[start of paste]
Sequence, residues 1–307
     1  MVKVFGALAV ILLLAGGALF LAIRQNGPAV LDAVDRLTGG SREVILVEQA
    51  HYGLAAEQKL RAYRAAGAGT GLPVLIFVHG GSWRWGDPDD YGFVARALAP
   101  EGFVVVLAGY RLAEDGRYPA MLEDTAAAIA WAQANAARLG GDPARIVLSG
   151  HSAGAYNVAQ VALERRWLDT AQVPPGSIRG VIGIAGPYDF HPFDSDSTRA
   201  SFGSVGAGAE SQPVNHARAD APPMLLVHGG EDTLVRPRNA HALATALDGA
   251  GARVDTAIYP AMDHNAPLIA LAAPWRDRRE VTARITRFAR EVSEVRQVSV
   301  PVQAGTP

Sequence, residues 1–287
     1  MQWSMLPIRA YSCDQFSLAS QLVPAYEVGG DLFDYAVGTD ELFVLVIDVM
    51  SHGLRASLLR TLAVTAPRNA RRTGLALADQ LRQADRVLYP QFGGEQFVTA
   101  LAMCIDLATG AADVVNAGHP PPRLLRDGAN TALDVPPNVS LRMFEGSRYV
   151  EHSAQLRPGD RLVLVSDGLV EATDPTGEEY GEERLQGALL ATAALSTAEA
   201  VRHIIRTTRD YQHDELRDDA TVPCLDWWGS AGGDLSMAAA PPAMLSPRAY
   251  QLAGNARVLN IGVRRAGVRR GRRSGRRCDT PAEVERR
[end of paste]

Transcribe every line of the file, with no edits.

Sequence, residues 1–307
     1  MVKVFGALAV ILLLAGGALF LAIRQNGPAV LDAVDRLTGG SREVILVEQA
    51  HYGLAAEQKL RAYRAAGAGT GLPVLIFVHG GSWRWGDPDD YGFVARALAP
   101  EGFVVVLAGY RLAEDGRYPA MLEDTAAAIA WAQANAARLG GDPARIVLSG
   151  HSAGAYNVAQ VALERRWLDT AQVPPGSIRG VIGIAGPYDF HPFDSDSTRA
   201  SFGSVGAGAE SQPVNHARAD APPMLLVHGG EDTLVRPRNA HALATALDGA
   251  GARVDTAIYP AMDHNAPLIA LAAPWRDRRE VTARITRFAR EVSEVRQVSV
   301  PVQAGTP

Sequence, residues 1–287
     1  MQWSMLPIRA YSCDQFSLAS QLVPAYEVGG DLFDYAVGTD ELFVLVIDVM
    51  SHGLRASLLR TLAVTAPRNA RRTGLALADQ LRQADRVLYP QFGGEQFVTA
   101  LAMCIDLATG AADVVNAGHP PPRLLRDGAN TALDVPPNVS LRMFEGSRYV
   151  EHSAQLRPGD RLVLVSDGLV EATDPTGEEY GEERLQGALL ATAALSTAEA
   201  VRHIIRTTRD YQHDELRDDA TVPCLDWWGS AGGDLSMAAA PPAMLSPRAY
   251  QLAGNARVLN IGVRRAGVRR GRRSGRRCDT PAEVERR